Commentary: The UK aid charade… Meanwhile, Montserrat misses out
The Don and DfID Masquerade Dance: Quadrille No. 1
An old saying cautions that ‘the light at the end of the tunnel might be the oncoming train’.
That being so then, in the case of Montserrat in current circumstances, ‘let it be’!
At least something’s coming.
|Mike Jarvis is a freelance journalist and commentator in London|
Under the harsh glare of relentless critical scrutiny, it appears that the UK aid agency, the Department for International Development (DfID), might be on the verge of unblocking a number of stalled economy-reviving, job-creating projects for Montserrat.
Both the government of Montserrat and the UK aid agency have painted themselves into a corner with their excessive time-consuming (time-wasting?) obsession with reviewing the-already-reviewed and displacing the-already-in-place, apparently in some obscure claim-to-fame quest for setting Montserrat on the road to recovery.
And now we are hearing of a squeeze and even a freeze on UK foreign aid. Last call for ‘first call?’
One gets the impression that Montserrat is being made to pay to DfID’s shortcomings and outright failings elsewhere. It might not be so, but it seems so.
And now, it would appear that even the Donaldson Romeo-led Montserrat government is losing patience with this static state of affairs… and affairs of state.
It’s time overdue for them to hold hands, and rather than an attritional duel to the death, dance themselves out of this quagmire that they’ve collectively created.
In Montserrat masquerade dance parlance; time for Quadrille Number One. They’ve been circling and sizing up each other for too long.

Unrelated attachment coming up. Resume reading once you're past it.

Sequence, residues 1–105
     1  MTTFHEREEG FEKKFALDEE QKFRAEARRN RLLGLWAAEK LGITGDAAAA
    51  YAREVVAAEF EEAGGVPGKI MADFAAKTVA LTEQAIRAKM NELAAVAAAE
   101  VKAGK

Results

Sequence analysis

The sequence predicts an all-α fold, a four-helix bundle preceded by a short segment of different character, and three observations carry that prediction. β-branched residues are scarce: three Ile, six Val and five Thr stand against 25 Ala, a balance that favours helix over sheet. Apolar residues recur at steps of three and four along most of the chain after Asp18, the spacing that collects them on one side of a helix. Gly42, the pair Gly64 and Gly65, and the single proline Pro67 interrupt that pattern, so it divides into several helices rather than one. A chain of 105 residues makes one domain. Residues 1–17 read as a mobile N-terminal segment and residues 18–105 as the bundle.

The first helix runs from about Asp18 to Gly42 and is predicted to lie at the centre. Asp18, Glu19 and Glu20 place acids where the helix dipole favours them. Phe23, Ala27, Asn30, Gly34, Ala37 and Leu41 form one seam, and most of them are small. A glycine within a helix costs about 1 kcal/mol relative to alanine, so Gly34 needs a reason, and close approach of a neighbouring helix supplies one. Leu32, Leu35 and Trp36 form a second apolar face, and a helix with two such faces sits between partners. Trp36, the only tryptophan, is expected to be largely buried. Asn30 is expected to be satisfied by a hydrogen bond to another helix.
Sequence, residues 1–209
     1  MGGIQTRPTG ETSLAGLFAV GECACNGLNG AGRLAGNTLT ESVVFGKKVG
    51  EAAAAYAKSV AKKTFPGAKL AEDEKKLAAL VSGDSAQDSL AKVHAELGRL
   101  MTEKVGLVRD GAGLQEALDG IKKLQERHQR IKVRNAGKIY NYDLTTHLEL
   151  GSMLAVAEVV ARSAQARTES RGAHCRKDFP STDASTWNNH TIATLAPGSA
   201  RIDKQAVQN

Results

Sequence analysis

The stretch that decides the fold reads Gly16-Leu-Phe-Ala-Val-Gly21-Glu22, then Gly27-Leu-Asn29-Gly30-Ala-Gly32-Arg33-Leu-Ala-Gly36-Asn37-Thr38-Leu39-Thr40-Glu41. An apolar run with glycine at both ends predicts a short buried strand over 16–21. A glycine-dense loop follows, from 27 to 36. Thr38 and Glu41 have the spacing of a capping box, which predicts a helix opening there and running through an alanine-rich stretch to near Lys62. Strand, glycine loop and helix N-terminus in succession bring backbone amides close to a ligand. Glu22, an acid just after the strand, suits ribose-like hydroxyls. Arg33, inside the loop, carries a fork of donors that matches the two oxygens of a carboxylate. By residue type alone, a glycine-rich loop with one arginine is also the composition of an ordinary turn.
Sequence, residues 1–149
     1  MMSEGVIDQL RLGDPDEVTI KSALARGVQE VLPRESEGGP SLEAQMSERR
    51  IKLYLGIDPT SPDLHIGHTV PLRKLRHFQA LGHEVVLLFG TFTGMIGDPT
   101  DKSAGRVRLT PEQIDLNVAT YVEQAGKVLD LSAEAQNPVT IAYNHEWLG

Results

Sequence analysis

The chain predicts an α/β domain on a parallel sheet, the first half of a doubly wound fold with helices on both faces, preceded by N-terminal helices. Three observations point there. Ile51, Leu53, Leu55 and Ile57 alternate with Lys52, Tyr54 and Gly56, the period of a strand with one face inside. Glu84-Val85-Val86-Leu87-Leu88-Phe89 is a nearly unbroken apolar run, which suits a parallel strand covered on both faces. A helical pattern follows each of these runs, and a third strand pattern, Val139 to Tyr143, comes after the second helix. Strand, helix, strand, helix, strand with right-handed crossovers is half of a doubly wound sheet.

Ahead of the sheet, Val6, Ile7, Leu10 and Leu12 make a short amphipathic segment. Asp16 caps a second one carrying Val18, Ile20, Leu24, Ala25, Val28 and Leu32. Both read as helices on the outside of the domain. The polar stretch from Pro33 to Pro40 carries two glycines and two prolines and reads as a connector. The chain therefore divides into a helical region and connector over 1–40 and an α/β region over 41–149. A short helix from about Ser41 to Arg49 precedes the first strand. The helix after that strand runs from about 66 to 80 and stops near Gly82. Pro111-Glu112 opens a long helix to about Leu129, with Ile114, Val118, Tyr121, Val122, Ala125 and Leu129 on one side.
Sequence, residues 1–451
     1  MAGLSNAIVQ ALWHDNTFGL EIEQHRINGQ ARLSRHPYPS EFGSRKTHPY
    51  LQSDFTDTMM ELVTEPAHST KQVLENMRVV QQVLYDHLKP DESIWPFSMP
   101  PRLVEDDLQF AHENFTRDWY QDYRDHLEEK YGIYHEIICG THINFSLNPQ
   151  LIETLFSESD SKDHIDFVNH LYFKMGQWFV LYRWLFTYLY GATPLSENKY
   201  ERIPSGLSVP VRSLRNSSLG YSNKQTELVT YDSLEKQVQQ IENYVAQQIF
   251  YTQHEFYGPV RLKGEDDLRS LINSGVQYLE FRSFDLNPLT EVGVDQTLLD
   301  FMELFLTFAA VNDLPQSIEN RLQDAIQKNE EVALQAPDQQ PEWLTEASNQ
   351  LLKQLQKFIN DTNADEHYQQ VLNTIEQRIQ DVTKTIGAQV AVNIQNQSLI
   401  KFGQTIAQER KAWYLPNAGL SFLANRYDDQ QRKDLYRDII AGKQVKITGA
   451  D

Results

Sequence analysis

In that respect, this month’s meeting between government of Montserrat and a delegation of budget advisors from DfID should, if anything, indicate a scope for hope.
The leader of the DfID delegation, Moira Marshall, seemed encouraged with the progress of the meeting after having to admit at the start that her agency has been castigated in a UK government audit for failing to deliver on Montserrat.
But as she reminded local ministers and civil servants: “DfID needs to see tangible progress in the strengthening of government systems.”
As she put it, in order for DfID to make a convincing argument on behalf of Montserrat to UK ministers, Montserrat equally has to make a convincing argument to DfID.
With the pressures that her agency is under to improve its performance and deliver (and not just for Montserrat), one can understand the deflection.
The message is clear: If Montserrat doesn’t ‘up’ its own game locally, DfID, now under huge pressure, will deliver while Montserrat watches on – because DfID is under even more pressure to ‘up’ its game.
The premier of Montserrat, Donaldson Romeo, in a departure from the norm, has recently been unusually strident in his demands on DfID.
“£700 million has been spent on Montserrat in over 21 years and there’s not much to show for it,” he reminded, while making the case for Montserrat to be put in a position to wean itself off UK aid dependency.